Souther was greatly influenced by Texan Roy Orbison, whose sound he tried to emulate. Following his move to Los Angeles in the late 1960s, he met a young guitarist from Detroit named Glenn Frey. They bonded over their Detroit roots and a common love of country and R&B music. In short order, they began working together while sharing a small apartment in Los Angeles' Echo Park area (their downstairs neighbor was Jackson Browne with whom both Souther and Frey would collaborate on numerous projects).
Shortly after meeting, Souther and Frey formed a folk duo called Longbranch Pennywhistle. Their lone album, released in 1970 on Jimmy Bowen's Amos Records, featured significant contributions from guitarists James Burton and Ry Cooder, fiddler Doug Kershaw, drummer Jim Gordon, pianist Larry Knechtel and bassist Joe Osborn.
After recording an eponymous solo album in 1972, persuaded by David Geffen, Souther teamed up with Chris Hillman and Richie Furay to form the Souther Hillman Furay Band The group released two albums, but creative tensions and lack of record sales (not to mention Furay's discomfort with playing secular music following his conversion to Christianity) led to the band's demise.
Souther is probably best known for his well-crafted songwriting abilities, especially in the field of country rock. He co-wrote some of the biggest hits for the Eagles, including "Best of My Love", "Victim of Love", "Heartache Tonight", and "New Kid in Town". "How Long", which appears on the Eagles Long Road Out Of Eden was written by Souther and originally recorded on his first solo album in 1972. He also produced Linda Ronstadt's "Don't Cry Now" album, and wrote songs for several of Ronstadt's multi-platinum albums, including "Faithless Love" from Heart Like a Wheel and "White Rhythm and Blues" included in her Living in the USA album. He also recorded several notable duets with Ronstadt, including "Hasten Down the Wind," "Prisoner in Disguise," and "Sometimes You Can't Win." He wrote "Run Like a Thief," which appeared on Home Plate by Bonnie Raitt.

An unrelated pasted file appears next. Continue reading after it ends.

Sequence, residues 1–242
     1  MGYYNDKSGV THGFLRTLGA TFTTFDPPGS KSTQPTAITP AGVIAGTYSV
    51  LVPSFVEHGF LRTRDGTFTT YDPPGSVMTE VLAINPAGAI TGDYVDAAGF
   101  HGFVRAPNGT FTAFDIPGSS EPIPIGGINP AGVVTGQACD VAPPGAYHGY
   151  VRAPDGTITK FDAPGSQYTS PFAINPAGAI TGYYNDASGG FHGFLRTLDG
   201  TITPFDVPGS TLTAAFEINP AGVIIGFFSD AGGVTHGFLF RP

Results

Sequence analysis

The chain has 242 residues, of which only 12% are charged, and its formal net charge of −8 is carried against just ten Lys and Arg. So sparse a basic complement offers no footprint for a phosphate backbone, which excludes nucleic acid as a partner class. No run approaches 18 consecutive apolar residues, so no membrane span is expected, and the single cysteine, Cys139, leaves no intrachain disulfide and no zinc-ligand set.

Souther has also contributed as a singer in works written by other artists, including backing vocals with Don Henley in "The Light Is On" by Christopher Cross on his eponymous debut album.
His biggest hit as a solo artist was his 1979 Orbison-influenced song "You're Only Lonely" from the album of the same name, which reached number 7 on the Billboard charts. A collaboration with James Taylor called "Her Town Too" from Taylor's Dad Loves His Work album reached number 11 on the Billboard Pop Singles chart.
He was a contributor on the Roy Orbison and Friends, A Black and White Night 1987 concert and video, sang The Platters' "Smoke Gets In Your Eyes" in the 1989 movie Always and sang the theme song to the 1989-1992 sitcom Anything But Love.
On October 14, 2008 Souther released If the World Was You, his first new release in 25 years. In the Fall of 2009, Souther released a follow up live CD entitled Rain - Live at the Belcourt Theatre, featuring a blend of old and new material.
As an actor, he has played several roles, including the character of John Dunaway in the (1989–1990) third season of the television drama thirtysomething and Ted in the film Postcards from the Edge (1990). He also performs in the audio book genre including the recent Jimmy Buffett sequel to Tales from Margaritaville, A Salty Piece of Land. He played Jesse James in the Television movie "Purgatory" in 1999. He was also Jeffrey Pommeroy in "My Girl 2".